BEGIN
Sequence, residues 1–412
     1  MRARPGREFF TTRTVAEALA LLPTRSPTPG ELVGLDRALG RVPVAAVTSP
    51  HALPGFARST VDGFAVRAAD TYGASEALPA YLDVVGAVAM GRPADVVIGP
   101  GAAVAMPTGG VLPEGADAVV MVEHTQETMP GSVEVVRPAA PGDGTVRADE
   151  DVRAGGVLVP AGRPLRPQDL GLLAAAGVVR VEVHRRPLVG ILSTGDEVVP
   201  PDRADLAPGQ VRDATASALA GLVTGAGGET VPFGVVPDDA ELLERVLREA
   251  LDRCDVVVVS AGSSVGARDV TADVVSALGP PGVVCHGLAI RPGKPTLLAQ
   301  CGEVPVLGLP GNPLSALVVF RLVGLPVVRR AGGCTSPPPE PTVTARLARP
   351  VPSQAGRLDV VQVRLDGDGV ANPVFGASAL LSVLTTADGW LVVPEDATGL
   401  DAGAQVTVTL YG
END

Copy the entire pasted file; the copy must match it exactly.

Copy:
Sequence, residues 1–412
     1  MRARPGREFF TTRTVAEALA LLPTRSPTPG ELVGLDRALG RVPVAAVTSP
    51  HALPGFARST VDGFAVRAAD TYGASEALPA YLDVVGAVAM GRPADVVIGP
   101  GAAVAMPTGG VLPEGADAVV MVEHTQETMP GSVEVVRPAA PGDGTVRADE
   151  DVRAGGVLVP AGRPLRPQDL GLLAAAGVVR VEVHRRPLVG ILSTGDEVVP
   201  PDRADLAPGQ VRDATASALA GLVTGAGGET VPFGVVPDDA ELLERVLREA
   251  LDRCDVVVVS AGSSVGARDV TADVVSALGP PGVVCHGLAI RPGKPTLLAQ
   301  CGEVPVLGLP GNPLSALVVF RLVGLPVVRR AGGCTSPPPE PTVTARLARP
   351  VPSQAGRLDV VQVRLDGDGV ANPVFGASAL LSVLTTADGW LVVPEDATGL
   401  DAGAQVTVTL YG